5 Reasons That The Middle Ages Were Absolutely Terrifying, So Maybe We Should Complain About 2015 A Little Less
Here’s a post for all of those days that you sit back and think, “The contemporary world is horrible.” Yes, our own age is plagued by climate change, violence, inequality, and a host of other problems, but at least it’s not plagued by an actual plague, right? Our world is by no means perfect, but a quick look at the trials and tribulations of the middle ages may make you feel a bit better. The Middle Ages, also known as the medieval period, lasted in Europe from the 5th to the 15th centuries, and many aspects of this time were rough, to put it mildly.
Scholars have noted that the Middle Ages have often gotten an undeserved bad rap: Sandwiched between the fall of Rome and the start of the Renaissance period, the medieval period tends to be portrayed as a dark era in human history in which nothing good or innovative happened, a waiting period for the brilliance of the Renaissance. As Tim O’Neill writes in Slate, “the Middle Ages” describes a very long period of history that saw a number of major transformations, as well as the invention of such things as “the mechanical clock, eyeglasses, effective gunpowder weapons, and the printing press.” That said, there are still many aspects of the period that would make a contemporary person cringe, including devastating famines, disease, and a fondness for disturbingly creative torture devices. TL;DR: Be grateful that you live in the 21st century.
Read on for five awful aspects of the medieval period, and learn about just how dark the “Dark Ages” could be.
Torture was used in the medieval period as a way to extract confessions and punish criminals (sometimes prior to execution). People in this period were quite, er, creative about torture, coming up with relatively simple ways to cause pain, like the thumbscrew (which worked by slowly crushing victims’ thumbs and toes), as well as more complicated ones, like the choke pear (pictured above), which was inserted into victims’ orifices and expanded. I’ll leave you to imagine the rest.
2. Extreme executions
The ingenuity that people brought toward torture in the medieval period was also extended to execution methods. While some criminals and traitors were killed in relatively quick, painless ways (with machines that resemble the guillotine, for example), others were subject to methods designed to create as much pain as possible and prolong the dying process. Hanging, drawing, and quartering, for instance, was a punishment reserved for those who had committed high treason. In this process, the victim was dragged by horse to the site of execution; he would then be hanged nearly (but not quite) to death, and then disemboweled while still alive. The victim would then be cut or pulled into four pieces, or “quartered.”
3. The Black Death
The Black Death, one of the most destructive pandemics in human history, came to Europe in the mid-1340s. It is thought that the disease – a bacterial infection often referred to as the “bubonic plague” – came to Europe via merchant ships travelling from Asia. The disease was carried by fleas who rode on the rats that commonly infested ships. In the space of a few years, the Black Death killed more than 20 million people in Europe – nearly one third of the continent’s total population.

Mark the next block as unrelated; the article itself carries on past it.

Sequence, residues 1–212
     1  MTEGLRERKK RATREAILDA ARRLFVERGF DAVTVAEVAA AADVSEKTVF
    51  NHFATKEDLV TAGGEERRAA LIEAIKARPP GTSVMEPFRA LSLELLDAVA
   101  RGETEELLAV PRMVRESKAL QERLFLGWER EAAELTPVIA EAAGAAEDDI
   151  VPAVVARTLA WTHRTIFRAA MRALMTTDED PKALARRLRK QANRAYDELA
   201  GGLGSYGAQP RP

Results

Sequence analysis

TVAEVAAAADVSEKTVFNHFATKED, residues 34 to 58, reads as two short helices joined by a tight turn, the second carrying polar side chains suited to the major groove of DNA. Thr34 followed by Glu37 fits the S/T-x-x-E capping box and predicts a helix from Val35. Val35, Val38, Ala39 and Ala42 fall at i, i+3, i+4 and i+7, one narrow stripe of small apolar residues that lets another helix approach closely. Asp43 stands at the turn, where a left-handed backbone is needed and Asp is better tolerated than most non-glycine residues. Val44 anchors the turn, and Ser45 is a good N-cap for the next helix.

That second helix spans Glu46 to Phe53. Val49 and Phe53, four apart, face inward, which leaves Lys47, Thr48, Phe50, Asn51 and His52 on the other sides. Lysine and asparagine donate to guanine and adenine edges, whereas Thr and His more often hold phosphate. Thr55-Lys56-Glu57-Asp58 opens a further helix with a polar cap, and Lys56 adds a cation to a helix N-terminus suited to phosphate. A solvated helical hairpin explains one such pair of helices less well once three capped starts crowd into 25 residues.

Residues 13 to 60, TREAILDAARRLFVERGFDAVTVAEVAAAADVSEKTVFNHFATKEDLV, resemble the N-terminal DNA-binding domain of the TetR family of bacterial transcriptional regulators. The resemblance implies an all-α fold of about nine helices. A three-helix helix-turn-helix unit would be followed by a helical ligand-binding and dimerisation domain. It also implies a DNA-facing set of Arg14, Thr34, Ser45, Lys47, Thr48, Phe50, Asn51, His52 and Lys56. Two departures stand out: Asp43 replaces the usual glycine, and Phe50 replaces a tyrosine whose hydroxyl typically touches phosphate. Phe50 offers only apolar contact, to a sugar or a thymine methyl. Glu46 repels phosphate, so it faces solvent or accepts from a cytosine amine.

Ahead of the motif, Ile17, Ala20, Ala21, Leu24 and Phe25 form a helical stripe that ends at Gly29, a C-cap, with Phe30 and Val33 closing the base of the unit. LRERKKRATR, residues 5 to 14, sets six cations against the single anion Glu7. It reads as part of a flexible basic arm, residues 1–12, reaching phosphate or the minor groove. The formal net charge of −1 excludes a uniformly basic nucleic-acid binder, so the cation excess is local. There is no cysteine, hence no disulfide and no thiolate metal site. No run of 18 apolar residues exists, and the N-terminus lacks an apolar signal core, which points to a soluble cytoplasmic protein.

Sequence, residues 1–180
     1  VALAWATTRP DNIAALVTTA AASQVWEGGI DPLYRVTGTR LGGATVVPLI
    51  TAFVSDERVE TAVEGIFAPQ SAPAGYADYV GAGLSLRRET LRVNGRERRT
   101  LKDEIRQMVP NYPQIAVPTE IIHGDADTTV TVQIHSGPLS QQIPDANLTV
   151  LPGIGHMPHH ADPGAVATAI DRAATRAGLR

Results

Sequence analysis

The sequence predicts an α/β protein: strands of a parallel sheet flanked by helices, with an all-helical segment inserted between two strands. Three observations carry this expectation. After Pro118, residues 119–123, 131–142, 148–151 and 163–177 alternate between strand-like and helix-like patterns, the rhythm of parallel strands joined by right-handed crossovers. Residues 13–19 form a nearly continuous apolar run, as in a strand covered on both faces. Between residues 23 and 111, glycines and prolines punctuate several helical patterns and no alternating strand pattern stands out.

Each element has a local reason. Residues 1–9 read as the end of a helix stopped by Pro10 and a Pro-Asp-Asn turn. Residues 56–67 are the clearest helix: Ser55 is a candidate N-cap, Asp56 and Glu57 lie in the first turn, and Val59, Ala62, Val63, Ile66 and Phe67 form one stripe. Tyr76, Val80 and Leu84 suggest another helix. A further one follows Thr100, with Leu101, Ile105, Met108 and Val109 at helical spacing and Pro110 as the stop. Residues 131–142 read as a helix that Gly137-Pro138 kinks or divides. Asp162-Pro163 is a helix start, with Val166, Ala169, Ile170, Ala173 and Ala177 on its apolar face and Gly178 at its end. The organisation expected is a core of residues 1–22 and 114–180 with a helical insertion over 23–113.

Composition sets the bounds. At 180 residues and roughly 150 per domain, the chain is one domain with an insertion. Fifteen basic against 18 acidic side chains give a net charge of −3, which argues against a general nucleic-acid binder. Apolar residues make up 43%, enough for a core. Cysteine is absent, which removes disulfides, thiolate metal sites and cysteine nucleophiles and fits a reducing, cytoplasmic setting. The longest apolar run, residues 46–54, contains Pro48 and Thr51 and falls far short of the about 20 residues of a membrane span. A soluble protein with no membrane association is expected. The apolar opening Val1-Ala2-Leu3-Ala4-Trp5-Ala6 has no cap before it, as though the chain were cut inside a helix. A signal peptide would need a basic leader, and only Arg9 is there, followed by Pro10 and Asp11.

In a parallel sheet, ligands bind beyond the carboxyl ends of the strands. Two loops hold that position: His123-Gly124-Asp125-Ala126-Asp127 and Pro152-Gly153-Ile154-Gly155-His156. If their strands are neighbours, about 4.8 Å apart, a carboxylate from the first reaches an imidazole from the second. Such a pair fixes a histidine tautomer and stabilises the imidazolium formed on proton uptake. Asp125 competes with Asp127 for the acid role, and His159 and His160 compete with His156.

The plague was extremely contagious and fast-acting. Victims would develop blood and pus-filled boils, as well as fever, vomiting, and other symptoms, and would usually die within a few days. People of the time had no idea what caused the disease or how it was transmitted; many saw it as proof of God’s disapproval for the sins of man. Thousands of Jews were murdered in this period in an effort to rid towns and cities of heretics, and some Christians took to extreme acts of piety, like self-flagellation, to cleanse their souls and avoide the disease.
4. Insane medical practices
If you were unlucky enough to get the plague or any other illness during the medieval period, doctors were not much help, and in many cases only made things worse. Doctors of the period understood the human body in terms of the four humors (phlegm, blood, yellow bile, and black bile) and believed that good health depended on a proper balance of these properties. They also relied heavily on astrology to explain physical ailments and illnesses, and turned toward both the medieval church and occult healing practices for aid. Common treatments for a variety of illness included bloodletting (pictured above) and cupping. Trepanning, a process in which a hole is drilled into a skull, was used to treat mental illness.
Europe was affected by a major famine between 1315 and 1317, though the effects lasted for nearly a decade afterward. The springs of 1315 and 1316 were unusually wet, resulting in much smaller harvests that normal. Many people starved to death or died of illnesses due to weakened immune systems caused by hunger. Millions of people – 10 to 15 percent of the total population – died from hunger or disease; there are even reports that many resorted to cannibalism, though these may be apocryphal.
Images: Wikimedia (5)